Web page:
Suspending an employee as a precaution

It is often necessary to suspend an employee as a precaution, or to remove the employee from the workplace to allow for the investigation into misconduct to complete prior to issuing the notice to attend the disciplinary hearing.

Suspension is a category of unfair labour practise, and until a few days ago it was a requirement to hold a pre-suspension hearing prior to deciding to suspend, allowing the employee to argue against it.

This has now changed. The Constitutional Court has ruled that in the event of a precautionary suspension there is no need to conduct a pre-suspension hearing.

The employee is not prejudiced because he is receiving full pay during the suspension period, regardless of how long the suspension is.  The precautionary nature and the fact that full payment still applied undoes the unfair labour practise.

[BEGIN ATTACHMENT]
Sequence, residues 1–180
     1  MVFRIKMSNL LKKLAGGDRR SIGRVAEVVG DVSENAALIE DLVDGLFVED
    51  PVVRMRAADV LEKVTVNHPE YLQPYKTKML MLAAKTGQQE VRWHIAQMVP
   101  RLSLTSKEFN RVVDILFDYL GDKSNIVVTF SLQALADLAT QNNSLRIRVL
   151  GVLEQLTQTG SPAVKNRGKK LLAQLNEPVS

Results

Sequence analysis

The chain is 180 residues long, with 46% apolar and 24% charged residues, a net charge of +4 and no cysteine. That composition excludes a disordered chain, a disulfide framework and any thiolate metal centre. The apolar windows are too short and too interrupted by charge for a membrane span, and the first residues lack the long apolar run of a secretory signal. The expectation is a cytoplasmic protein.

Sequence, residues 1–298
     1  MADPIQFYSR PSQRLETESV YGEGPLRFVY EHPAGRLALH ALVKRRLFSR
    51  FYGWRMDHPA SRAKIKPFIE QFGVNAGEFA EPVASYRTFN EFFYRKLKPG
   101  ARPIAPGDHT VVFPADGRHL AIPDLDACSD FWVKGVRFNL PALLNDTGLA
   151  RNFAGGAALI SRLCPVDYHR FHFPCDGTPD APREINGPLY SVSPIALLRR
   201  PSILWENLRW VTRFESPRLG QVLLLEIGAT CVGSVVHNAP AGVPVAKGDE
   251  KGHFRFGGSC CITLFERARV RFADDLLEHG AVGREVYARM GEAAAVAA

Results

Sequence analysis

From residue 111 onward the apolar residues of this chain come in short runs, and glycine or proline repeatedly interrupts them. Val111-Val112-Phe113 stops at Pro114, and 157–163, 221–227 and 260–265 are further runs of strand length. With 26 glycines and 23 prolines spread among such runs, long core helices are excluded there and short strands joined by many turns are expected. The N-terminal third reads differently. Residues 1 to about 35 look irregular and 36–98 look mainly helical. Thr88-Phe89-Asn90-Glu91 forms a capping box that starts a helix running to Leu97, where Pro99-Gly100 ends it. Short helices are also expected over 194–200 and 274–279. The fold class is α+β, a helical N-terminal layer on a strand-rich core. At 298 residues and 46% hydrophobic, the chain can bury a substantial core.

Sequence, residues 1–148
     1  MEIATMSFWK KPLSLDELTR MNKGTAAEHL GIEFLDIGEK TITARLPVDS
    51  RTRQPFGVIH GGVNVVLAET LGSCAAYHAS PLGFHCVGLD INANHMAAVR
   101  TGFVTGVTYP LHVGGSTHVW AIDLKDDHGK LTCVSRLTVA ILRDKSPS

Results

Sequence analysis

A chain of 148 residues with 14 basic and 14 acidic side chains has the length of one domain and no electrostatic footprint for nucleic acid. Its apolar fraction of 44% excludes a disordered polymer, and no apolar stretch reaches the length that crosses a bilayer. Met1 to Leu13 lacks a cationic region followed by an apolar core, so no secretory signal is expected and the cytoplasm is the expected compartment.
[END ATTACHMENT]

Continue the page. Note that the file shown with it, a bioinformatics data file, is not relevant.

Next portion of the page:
In Long vs South African Breweries, the Constitutional Court ruled that there is no need for a pre-suspension hearing.

At the CCMA the arbitrator decided that the suspension was an unfair labour practise because there had been no pre-suspension hearing and the suspension was unreasonably long.  The Labour Court and Constitutional Court disagreed.

Mark - 12:00 @ common, Industrial Relations, Human Resources | Add a comment

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